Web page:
While I was answering a question from the other post, I remembered a trial jury my husband was on.
They had to commit someone to a mental health place. I guess there is a law now that people cannot be committed without a trial. A couple of people gave testimony. The person being committed did NOT give testimony. The person being committed was NOT even in court.
Sort of a rubber stamp thing if you ask me. But, I wasn't there.
I guess I don't much see the point of having a trial if the person being committed doesn't get to be there.
Maybe I watch too much TV.
But, after seeing The Changeling and such, I don't think I could do this. At least, I like to think that I wouldn't do this. I mean, don't we need to see Angelina Jolie scream that she isn't crazy and wants her son back?
I suppose there are violent people that they would rather not risk bringing to court. And, I suppose I'd have no way of knowing if the person on trial was really crazy or just drugged to appear crazy.
Still, not seeing the person at all would have really bothered me.
This did not bother my husband that much. He's had plenty of experience with crazy people, and he's all for having them committed whenever possible.
About half the people on the jury were ready to rubber stamp the thing and go home, and the other had questions, but a few hours later the people who had questions still couldn't figure out what else they were supposed to do. So the person was committed all legal like, and the jurors went home.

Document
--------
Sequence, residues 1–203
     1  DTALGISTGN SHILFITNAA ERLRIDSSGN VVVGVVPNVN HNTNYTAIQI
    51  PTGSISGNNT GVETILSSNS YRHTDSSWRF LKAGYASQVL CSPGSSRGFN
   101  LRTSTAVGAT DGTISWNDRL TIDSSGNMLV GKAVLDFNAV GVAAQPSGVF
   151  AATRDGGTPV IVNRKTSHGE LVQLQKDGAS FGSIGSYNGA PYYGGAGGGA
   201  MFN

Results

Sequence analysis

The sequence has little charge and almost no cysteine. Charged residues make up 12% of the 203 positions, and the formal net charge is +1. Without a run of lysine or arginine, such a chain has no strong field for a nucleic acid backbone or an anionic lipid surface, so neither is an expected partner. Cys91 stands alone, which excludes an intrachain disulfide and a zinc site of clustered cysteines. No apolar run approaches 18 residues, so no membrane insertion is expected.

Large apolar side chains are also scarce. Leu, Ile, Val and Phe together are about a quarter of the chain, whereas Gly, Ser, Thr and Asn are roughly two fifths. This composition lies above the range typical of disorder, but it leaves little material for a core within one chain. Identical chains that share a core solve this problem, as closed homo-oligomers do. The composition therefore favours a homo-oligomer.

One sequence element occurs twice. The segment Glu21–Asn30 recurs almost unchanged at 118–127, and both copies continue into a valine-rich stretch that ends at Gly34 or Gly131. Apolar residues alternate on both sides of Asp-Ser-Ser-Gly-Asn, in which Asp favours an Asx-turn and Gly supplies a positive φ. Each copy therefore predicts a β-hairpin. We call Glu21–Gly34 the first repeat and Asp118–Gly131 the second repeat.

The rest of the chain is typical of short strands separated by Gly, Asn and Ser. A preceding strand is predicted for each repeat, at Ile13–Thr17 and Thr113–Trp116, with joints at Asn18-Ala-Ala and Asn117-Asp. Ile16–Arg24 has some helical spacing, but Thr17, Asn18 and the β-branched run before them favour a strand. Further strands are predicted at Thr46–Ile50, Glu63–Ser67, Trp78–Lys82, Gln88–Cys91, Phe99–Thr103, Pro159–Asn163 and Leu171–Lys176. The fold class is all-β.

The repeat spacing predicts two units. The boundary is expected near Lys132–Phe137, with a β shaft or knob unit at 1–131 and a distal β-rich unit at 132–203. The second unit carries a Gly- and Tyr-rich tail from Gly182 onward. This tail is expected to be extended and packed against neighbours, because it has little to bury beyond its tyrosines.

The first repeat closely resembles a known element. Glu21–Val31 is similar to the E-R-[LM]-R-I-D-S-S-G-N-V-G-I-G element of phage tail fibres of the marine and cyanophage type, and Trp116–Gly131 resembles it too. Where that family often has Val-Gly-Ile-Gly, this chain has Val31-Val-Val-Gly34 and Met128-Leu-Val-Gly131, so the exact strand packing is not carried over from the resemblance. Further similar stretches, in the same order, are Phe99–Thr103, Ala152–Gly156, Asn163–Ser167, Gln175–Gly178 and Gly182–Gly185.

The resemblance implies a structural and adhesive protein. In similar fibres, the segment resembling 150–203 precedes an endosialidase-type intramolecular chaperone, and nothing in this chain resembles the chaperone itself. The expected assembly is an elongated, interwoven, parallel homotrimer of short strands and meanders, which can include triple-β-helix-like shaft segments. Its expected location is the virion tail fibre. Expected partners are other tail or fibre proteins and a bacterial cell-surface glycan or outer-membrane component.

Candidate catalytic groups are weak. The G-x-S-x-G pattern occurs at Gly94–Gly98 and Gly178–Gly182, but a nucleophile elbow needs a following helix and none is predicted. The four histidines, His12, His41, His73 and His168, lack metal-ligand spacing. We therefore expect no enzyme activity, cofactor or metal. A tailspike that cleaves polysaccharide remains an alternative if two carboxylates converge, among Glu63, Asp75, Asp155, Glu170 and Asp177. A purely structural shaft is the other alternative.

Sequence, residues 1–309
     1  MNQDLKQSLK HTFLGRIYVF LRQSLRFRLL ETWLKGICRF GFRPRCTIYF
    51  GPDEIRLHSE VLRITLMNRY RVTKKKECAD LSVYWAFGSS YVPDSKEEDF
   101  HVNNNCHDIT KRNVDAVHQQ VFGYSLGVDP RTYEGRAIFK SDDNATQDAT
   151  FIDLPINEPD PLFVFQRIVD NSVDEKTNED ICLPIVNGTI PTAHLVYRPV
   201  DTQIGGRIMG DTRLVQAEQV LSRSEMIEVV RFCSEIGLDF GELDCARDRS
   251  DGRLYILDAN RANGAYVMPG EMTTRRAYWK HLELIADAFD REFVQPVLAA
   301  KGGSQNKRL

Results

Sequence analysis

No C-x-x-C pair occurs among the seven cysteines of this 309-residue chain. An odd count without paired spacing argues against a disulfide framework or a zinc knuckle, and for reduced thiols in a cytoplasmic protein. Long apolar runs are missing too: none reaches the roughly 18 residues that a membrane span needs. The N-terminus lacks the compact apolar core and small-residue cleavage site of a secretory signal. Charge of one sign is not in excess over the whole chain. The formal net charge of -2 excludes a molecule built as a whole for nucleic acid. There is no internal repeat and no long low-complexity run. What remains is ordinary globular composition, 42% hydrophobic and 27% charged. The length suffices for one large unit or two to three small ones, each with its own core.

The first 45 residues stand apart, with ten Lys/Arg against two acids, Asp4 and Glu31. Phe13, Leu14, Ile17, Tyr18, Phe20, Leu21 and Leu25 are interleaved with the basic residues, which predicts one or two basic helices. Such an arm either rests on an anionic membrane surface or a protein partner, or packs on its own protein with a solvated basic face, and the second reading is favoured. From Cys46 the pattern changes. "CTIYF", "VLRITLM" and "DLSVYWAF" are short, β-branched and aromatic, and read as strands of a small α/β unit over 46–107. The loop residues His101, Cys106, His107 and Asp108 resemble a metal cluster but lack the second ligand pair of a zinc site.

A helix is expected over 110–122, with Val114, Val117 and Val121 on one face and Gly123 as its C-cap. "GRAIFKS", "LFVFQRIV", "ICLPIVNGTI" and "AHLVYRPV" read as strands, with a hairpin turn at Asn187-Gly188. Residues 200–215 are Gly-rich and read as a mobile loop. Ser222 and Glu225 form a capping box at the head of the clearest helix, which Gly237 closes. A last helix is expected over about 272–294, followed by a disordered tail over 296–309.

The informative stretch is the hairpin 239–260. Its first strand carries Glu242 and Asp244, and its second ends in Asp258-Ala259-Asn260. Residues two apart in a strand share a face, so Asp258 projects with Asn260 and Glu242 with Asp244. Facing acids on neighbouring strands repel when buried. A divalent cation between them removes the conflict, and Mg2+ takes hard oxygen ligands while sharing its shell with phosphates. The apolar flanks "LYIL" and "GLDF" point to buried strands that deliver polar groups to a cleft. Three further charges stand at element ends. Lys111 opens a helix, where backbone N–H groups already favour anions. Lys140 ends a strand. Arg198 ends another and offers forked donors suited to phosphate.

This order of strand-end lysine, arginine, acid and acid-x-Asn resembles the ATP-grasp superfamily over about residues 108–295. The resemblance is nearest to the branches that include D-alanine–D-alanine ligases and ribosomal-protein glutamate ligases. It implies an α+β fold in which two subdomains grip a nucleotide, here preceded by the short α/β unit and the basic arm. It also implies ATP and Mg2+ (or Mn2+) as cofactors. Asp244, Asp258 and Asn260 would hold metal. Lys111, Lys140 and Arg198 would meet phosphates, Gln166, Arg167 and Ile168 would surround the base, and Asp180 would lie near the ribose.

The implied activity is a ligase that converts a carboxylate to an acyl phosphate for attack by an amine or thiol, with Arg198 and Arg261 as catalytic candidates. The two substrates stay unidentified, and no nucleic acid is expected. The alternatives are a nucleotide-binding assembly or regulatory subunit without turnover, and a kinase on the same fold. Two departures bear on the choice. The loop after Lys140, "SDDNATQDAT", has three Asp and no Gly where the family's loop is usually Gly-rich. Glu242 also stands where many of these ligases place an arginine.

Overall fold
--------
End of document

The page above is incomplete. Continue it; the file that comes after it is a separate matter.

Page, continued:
The people on the other jury my husband was on were going to vote guilty or innocent based on which lawyer wasted the least amount of time. But maybe one of them was really sure the case was going to be settled and was stalling or something.
I've never been picked to be on a jury.
In college, I took Speech 101. This mostly turned out to be a waste of time, but for some reason students are pressured into taking it. I do remember an assignment that was sort of like a trial, except that it only took like fifteen minutes.
At least, our first group took about fifteen minutes. The groups got much quicker at determining guilt, even though they all had different stories and such. The last group took about two minutes, and they hardly had any discussion at all. And I remember wondering if people on real trials did that. Apparently, that's common. People just want to get done and go home.
My brother-in-law was a juror for a trial that had to do with selling drugs or maybe just drug possession. Anyway, there were drugs. And there were two guys, but just one of them was on trial. And there were no pictures and no witnesses other than the arresting officers, and maybe they didn't even find the drugs on the guy being tried.
So, five minutes later, most everyone except my brother-in-law are ready to go home. They think the guy is obviously guilty. My brother-in-law has a feeling that they guy might be guilty, but he doesn't think that's the way a trial is supposed to work. Aren't the lawyers supposed to convince you that a person is guilty with some evidence?
But, my brother-in-law got tired of talking to himself, and eventually he went along with everyone else and convicted the guy.
And yes, this is Texas, but I'm sure that happens everywhere else too.